Five Towns students are Clean Tech finalists


Two students representing two Five Towns high schools will compete as the only Long Island team against 19 other finalists in the eighth annual Spellman High Voltage Electronics Clean Tech Competition on July 17, hosted by the Rockville Centre-based Center for Science Teaching & Learning at Cooper Union college in Manhattan.

Bhawan Sandhu, of Lawrence High, and Tzipora Schein, from the Hebrew Academy of the Five Towns and Rockaway High, call themselves Team Proton Pumpers, and they work with mentor Rebecca Isseroff, a Lawrence High chemistry teacher. Much of their research was done during the seven-week-long Garcia Summer Scholars program last summer at Stony Brook University, under the direction of Dr. Miriam Rafailovich, and part of it was conducted at Lawrence High.

“I was really surprised to hear that we’re the only Long Island schools that have a finalist team,” Isseroff said. “With so many excellent high school science research programs on Long Island, I guess we just got lucky.”

Spellman High Voltage, founded in 1947, is a global supplier of precision, direct-current, high-voltage power supplies. The CSTL is a nonprofit that encourages science learning and literacy through programs it develops for children and adults. The 20 Clean Tech Competition finalists, expanded this year from 10, were chosen from among 500 entries submitted by nearly 1,200 registrants in 40 countries. The first-place prize is $10,000, second is $7,000, third is $5,000, and the fourth- through 10th-place finishers win $1,000 each. All of the finalists receive $200 stipends to develop a prototype.

Team Proton Pumpers’ project, “Creating a Novel, Cost-Effective and Durable Proton-Conducting Membrane for Hydrogen Fuel Cells,” aims to increase the stability of hydrogen fuel cells and make them less expensive to produce. The pair created a membrane that uses plain filter paper as what Isseroff called a “scaffold” for a mixture of nafion solution and graphene oxide that conducts hydrogen ions and is more stable at higher temperatures and less costly to make.

“We actually stumbled upon this quite by accident,” Isseroff said. “We were trying to make a sheet of graphene oxide that we could try to use as membrane on the hydrogen fuel cell, so we filtered a mixture of graphene oxide and nafion, which is currently used as the membrane, through a very fine filter. We were surprised to see that it adhered to the filter and we couldn’t separate it off, so we figured, let’s try to see if the whole thing could be used as a proton conductor.”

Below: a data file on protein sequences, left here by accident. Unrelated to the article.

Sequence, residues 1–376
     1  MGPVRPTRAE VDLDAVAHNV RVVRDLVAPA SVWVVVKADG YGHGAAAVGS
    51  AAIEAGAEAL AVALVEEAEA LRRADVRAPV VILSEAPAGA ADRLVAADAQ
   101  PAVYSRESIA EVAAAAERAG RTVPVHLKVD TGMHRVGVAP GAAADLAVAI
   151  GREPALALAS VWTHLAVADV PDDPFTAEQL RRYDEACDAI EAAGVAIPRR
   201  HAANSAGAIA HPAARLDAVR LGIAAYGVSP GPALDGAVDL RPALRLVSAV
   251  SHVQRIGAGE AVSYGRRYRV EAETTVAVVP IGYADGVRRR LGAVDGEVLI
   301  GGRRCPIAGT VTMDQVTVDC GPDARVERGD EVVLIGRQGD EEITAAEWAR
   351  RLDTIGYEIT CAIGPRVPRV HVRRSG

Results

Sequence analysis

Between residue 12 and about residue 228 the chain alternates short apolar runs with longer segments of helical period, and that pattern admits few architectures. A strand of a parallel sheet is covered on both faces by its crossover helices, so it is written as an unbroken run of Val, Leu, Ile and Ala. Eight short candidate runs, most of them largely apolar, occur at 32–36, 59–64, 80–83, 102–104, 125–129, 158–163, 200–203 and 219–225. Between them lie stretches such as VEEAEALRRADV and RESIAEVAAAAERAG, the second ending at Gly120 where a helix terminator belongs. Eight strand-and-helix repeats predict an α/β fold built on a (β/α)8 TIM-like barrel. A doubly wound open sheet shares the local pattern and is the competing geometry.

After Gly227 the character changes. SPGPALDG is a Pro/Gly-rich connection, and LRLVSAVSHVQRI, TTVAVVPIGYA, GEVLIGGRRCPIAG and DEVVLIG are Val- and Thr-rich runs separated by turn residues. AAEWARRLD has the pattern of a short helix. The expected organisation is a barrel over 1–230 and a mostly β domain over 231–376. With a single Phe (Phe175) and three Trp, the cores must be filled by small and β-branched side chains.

Isseroff said that they tested another sample applied to regular cellulose filter paper on the hydrogen fuel cell, and that was successful as well. “This could significantly cut the costs of manufacturing fuel cells,” she said.

Sandhu, who will be a senior in September, and Schein, a new graduate, took part in the Garcia program and met there last year. They were interested in the same areas of research, and Isseroff introduced them. Having the project selected for the competition “is an honor I could only dream of,” Sandhu said. “I am so very proud of the work that ‘Tzippy’ and I put into this project. I am very excited to represent not only my school, but all of Long Island at this prestigious event.” Sandhu noted the help she and Schein received from Isseroff, Rafailovich and other mentors at Stony Brook.

Dr. Ray Ann Havasy, the CSTL’s executive director, said she considered herself a staunch advocate of science, technology, engineering and math, or STEM, education. Having more women involved in those disciplines, she added, could create more role models, which in turn would inspire more women.

Havasy said she believed that competitions like Clean Tech allow students to push the boundaries of their education. “Schools teach important things, but they do not generally do it in a way in which students can express their own insights,” she said. “The expression I use is ‘student voice and choice.’ How can we, as educators, give students a voice in how they learn? If they own it, they will learn it. In these competitions, we see how far they go — it’s their idea.”

Sandhu said she learned more than just science while immersed in the project. “I learned that I really like research, and that hydrogen fuel cells are really interesting to work with,” she said. “I started thinking about the environment more, since our project deals with hydrogen fuel cells and the process of trying to make cleaner energy. Working with Tzipora gave me an insight that I never had before. She goes to a Jewish private school that is very different [from] my public school, so it was fun seeing the parallels and differences between both of our schools.”

Research is exciting, Schein said, but she added that a scientist must have a “high frustration level,” because experiments frequently fail before they succeed. “Collaborating with Bhawan Sandhu from Lawrence High School was a great experience,” Schein wrote in an email. “We are both from the Five Towns, and we are on the same page on a lot of things and have similar outlooks. We managed to have fun while working hard together, and I’m glad we had this opportunity to get to know each other and strive towards a common goal.”

Schein plans to spend a year in Israel before entering the University of Pennsylvania in 2020.

Admission to the competition is free and open to the public. It begins at 9 a.m., when the projects will be on display. Judging will take place throughout the day and there will be panel discussions on careers and engineering with industry professionals. The awards ceremony is at 2 p.m. Cooper Union is at 30 Cooper Union Square in Manhattan.